According to Pepys' diary, on the orders of the king, Lord Arlington and the Duke of York had soldiers pulling houses down in order to create a wind break in order to stop the fire from spreading. (It didn't work.) Soldiers and their work is a constant thread throughout civilisation. I'd rather have a child who knew much about soldiers, their families and livelihoods throughout history than one who only had a patchy grasp of history or no grasp of it at all.

sittinginthesun Sat 15-Dec-12 20:59:21

Sorry, I was thinking of my son's year 4 class - and was talking about years rather than levels.

I totally get it with history etc. I'm just wondering about maths. If a child is working on measuring area on 3D shapes, and is sitting with a child who is struggling with the basic concept of measurement, or a child measuring area on 2D shapes, surely they would see what the other children on their table were doing, and compare? Would this be better or worse than working in a separate group?

mrz Sat 15-Dec-12 21:08:06

They don't have to do the same work just because they are at the same table. At the end of the lesson both children can explain what they did in their task.

simpson Sat 15-Dec-12 21:08:23

Sittinginthesun - I do agree with you on that point. Things like phonics, guided reading, literacy and numeracy should be streamed IMO as then the child is working alongside kids at their level.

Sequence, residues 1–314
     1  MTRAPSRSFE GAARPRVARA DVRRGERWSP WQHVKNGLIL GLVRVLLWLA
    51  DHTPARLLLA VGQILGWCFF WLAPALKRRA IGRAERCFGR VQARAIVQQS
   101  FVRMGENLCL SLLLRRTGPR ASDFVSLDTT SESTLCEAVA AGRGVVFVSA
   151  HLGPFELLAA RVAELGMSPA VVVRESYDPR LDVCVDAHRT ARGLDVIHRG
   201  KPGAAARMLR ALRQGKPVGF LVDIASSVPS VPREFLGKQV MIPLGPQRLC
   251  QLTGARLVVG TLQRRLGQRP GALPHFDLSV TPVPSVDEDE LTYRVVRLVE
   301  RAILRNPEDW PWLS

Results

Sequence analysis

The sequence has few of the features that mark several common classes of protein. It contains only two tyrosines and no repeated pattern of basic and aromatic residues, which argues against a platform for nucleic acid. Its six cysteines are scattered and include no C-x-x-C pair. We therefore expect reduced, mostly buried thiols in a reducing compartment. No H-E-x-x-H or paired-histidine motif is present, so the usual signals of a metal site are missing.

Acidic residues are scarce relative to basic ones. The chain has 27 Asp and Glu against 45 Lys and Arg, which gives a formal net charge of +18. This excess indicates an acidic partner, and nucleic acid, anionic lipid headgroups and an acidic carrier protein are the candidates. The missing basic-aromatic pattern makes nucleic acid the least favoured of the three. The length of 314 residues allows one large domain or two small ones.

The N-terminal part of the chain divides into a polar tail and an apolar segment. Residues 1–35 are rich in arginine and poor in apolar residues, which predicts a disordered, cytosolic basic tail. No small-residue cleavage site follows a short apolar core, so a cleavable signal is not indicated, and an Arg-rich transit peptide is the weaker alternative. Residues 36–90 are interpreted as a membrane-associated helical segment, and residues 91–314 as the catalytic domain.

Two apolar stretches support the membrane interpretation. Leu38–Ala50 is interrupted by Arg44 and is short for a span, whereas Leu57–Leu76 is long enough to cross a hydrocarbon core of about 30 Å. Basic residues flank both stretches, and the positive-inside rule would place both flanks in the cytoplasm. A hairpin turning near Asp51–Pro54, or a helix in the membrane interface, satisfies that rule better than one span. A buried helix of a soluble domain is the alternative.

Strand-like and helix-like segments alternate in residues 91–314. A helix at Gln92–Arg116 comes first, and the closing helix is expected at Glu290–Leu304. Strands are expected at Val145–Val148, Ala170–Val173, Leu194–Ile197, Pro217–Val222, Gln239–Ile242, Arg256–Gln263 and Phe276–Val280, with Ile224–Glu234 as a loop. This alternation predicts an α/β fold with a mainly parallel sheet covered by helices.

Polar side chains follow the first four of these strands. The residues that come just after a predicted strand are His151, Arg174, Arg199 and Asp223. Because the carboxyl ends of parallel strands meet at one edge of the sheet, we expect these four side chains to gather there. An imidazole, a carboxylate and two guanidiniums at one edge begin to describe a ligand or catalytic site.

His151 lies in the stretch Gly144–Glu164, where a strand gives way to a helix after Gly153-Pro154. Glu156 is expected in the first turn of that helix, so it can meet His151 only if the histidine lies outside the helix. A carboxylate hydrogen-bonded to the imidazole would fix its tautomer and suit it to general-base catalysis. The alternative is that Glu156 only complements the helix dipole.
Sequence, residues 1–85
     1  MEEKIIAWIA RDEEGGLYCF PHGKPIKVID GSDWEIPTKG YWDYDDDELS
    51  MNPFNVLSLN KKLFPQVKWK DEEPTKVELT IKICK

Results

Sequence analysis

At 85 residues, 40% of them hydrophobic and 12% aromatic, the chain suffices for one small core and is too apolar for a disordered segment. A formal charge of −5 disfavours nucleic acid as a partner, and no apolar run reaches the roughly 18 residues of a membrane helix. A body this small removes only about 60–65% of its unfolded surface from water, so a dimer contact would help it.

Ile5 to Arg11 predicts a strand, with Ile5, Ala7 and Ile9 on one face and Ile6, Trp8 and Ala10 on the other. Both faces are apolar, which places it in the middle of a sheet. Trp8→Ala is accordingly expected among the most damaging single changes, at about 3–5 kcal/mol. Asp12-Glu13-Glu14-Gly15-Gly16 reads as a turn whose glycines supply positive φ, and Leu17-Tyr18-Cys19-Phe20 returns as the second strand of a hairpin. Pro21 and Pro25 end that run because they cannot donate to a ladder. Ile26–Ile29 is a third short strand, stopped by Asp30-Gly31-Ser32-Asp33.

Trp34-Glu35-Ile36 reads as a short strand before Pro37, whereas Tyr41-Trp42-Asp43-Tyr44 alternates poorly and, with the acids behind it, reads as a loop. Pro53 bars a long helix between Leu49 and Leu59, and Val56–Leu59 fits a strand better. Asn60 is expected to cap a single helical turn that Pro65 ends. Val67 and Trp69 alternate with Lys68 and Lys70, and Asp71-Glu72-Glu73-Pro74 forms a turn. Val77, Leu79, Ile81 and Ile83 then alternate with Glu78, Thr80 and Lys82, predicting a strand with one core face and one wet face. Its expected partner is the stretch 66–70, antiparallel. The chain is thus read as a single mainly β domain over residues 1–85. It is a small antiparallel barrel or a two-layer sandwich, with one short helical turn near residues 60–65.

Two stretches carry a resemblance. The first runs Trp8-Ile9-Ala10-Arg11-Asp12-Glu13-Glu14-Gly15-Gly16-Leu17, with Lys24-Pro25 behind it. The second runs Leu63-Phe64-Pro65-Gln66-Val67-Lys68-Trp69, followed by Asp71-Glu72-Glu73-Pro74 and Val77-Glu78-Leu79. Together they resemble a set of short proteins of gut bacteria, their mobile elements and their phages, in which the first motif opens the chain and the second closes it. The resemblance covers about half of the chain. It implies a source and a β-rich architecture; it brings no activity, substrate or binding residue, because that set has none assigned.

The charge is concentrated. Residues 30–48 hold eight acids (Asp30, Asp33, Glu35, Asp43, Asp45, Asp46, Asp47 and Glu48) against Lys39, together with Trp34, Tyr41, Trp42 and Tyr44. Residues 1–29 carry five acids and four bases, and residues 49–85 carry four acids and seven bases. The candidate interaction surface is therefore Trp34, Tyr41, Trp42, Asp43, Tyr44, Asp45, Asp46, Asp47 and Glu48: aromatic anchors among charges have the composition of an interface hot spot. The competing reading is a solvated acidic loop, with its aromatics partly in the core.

I would hate my child to be with some high flying kids sitting near her, to make her feel she was not coping sad

simpson Sat 15-Dec-12 21:10:34

And yes numeracy could have one group of kids learning to recognise their numbers, one group of kids doing number bonds to 10 and another group doing number bonds to 100 all within one lesson.

Not quite sure how a literacy lesson(or phonics) could be differentiated though...(sure it can,it's just that I am not a teacher obviously!!)

mrz Sat 15-Dec-12 21:13:37

Fire of London would possibly be taught in Y1 or 2 learnandsay
but older children have to be taught other skills

learnandsay Sat 15-Dec-12 21:19:29